Dunkin’s testing of contactless checkout locations in California

Americans who run on Dunkin ‘can soon get their coffee and snacks even faster.

The Massachusetts-based coffee and donut chain is testing an Amazon Go-style store in California in October to allow customers to pick up coffee and drive themselves without waiting in line to order or pay, according to a press release Allows Dunkin ‘is the latest in a number of fast-food chains, grocers and tech companies implementing a contactless retail and drive-in only business model in the age of the coronovirus epidemic.

Dunkin ‘is testing a contactless store model in California in October. (Matt Stone / MediaNews Group / Boston Herald)

Customers will be able to shop at the allegedly contactless checkout location by downloading the Dunkin app and using the QR code displayed on the store to access self-service areas for donuts and coffee.

Shoppers will receive a notification with their digital receipt, which can be viewed on the Dunkin ‘app after exiting the same store as Amazon Go, where shoppers can browse for groceries and get charged to their phones via Amazon Prime can go. The self-service platform automated by MasterCard is called Anywhere Shop. Foodservice management companies Delaware North and Circle K are also testing the system.

“We continue to look for ways to make the Dunkin ‘brand more convenient and accessible, whether it is through digital technology, including our DD Perks program, mobile ordering through the Dunkin app, delivery and curbside pickup, or our NextGunz Restaurant design included. ” Which emphasizes fast, contactless service, ”a Dunkin spokesperson told Fox Business in an email.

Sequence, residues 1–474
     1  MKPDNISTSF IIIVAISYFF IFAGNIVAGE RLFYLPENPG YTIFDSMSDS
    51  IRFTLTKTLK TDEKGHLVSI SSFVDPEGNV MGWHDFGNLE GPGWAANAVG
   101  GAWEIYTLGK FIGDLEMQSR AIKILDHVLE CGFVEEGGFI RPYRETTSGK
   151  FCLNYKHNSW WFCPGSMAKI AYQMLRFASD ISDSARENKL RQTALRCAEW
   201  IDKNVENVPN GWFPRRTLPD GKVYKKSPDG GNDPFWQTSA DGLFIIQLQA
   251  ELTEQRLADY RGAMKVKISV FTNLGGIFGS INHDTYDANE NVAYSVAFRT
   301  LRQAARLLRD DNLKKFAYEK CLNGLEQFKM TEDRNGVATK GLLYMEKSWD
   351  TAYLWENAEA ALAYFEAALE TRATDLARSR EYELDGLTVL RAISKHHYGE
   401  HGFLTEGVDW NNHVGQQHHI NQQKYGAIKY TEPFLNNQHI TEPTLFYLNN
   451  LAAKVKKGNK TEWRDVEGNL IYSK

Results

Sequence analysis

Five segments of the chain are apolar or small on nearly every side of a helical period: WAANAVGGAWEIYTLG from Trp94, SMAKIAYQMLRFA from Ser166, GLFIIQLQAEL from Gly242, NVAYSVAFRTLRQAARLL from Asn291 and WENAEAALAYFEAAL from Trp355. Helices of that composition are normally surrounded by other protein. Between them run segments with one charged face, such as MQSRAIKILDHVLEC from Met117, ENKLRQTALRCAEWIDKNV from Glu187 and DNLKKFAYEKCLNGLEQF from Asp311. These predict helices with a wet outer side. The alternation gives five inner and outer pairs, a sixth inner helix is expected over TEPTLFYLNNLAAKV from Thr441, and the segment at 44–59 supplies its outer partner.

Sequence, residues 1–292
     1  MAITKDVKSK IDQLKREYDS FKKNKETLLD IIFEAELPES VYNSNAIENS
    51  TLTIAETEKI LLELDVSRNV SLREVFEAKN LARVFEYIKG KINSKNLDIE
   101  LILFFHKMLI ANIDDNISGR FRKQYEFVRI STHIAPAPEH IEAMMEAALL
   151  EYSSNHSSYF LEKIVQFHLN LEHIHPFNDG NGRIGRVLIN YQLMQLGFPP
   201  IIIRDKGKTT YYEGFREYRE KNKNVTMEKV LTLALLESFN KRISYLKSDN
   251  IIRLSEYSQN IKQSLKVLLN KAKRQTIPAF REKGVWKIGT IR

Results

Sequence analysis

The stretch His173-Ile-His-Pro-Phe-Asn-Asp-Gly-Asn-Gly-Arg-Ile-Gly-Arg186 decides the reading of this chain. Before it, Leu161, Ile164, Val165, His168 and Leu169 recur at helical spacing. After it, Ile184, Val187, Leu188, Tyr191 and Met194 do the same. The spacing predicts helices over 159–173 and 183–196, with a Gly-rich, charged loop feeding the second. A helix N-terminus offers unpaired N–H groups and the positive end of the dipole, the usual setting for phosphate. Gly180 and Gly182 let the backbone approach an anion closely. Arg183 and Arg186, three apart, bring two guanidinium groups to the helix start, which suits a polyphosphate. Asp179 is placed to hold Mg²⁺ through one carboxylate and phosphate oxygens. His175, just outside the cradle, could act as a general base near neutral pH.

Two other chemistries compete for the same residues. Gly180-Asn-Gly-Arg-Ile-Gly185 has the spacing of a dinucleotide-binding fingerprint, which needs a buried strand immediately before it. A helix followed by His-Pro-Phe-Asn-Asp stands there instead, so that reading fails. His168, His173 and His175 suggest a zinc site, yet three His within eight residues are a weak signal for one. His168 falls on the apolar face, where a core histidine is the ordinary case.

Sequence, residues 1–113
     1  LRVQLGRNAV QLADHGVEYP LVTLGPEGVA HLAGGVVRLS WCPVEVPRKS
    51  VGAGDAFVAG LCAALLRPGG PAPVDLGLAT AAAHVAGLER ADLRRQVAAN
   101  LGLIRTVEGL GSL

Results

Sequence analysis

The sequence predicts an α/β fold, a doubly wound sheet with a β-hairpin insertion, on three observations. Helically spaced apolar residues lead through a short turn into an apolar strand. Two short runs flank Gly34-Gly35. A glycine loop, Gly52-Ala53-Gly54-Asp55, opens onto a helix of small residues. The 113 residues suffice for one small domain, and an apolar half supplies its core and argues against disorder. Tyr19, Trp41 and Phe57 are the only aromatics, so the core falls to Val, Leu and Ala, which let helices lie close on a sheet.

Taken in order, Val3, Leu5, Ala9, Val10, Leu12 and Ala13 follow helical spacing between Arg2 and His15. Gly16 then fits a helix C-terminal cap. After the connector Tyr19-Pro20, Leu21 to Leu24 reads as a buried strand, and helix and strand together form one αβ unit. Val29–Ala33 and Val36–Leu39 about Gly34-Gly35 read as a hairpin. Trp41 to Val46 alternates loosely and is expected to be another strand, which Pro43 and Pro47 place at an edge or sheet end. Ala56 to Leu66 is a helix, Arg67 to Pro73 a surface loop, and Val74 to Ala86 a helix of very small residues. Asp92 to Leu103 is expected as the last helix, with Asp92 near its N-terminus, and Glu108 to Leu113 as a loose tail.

The anchor Security The last Change Change %
DNKN Dunkin Brand Group 75.87 -0.67 -0.88%
AMZN AMAZON.COM INC. 3,294.62 -73.38 -2.18%
QSR Restaurant Brand International Inc. 56.07 -0.55 -0.97%
YUM Yum! Brands 95.22 -1.11 -1.15%

With demand for touchless shopping and check-outs due to coronavirus health crises, many grocery store chains and fast-food restaurants have begun reopening their retail models.

Burger King last week announced plans to renovate the restaurant design, including a conveyor belt system to deliver food for touchless pickups to drive from the kitchen. Guests placing online and delivery orders will have access to a coded locker outside the restaurant where they can take food instead of interacting with staff.

And Taco Bell said last month it planned to start a mobile-only restaurant next year for customers to order food through its app and take it as a curide. The “smart” restaurant will also be able to detect when customers arrive for their orders and suggest the quickest route to take it.


And last week, Whole Foods opened its first online-only retail store in Brooklyn, NY to increase demand with about 80% of Americans saying they ordered food online during the epidemic. Convenience store chain 7-Eleven, meanwhile, teamed up with online grocery ordering and delivery platform Instacart last week to allow shoppers to get everything from alcohol and snacks to cold medicine and toilet paper.

Whole Foods is available only in Brooklyn at online stores

The trend toward more customers seeking a contactless shopping experience does not seem to be a transitory, and may also result in fewer retail store locations, or downsizing. Dunkin ‘in July said it expects to permanently close 800 US locations by the end of the year, accounting for 8% of the chain’s domestic restaurant footprint, an indication, perhaps, that fewer people buy coffee in stores Have been.

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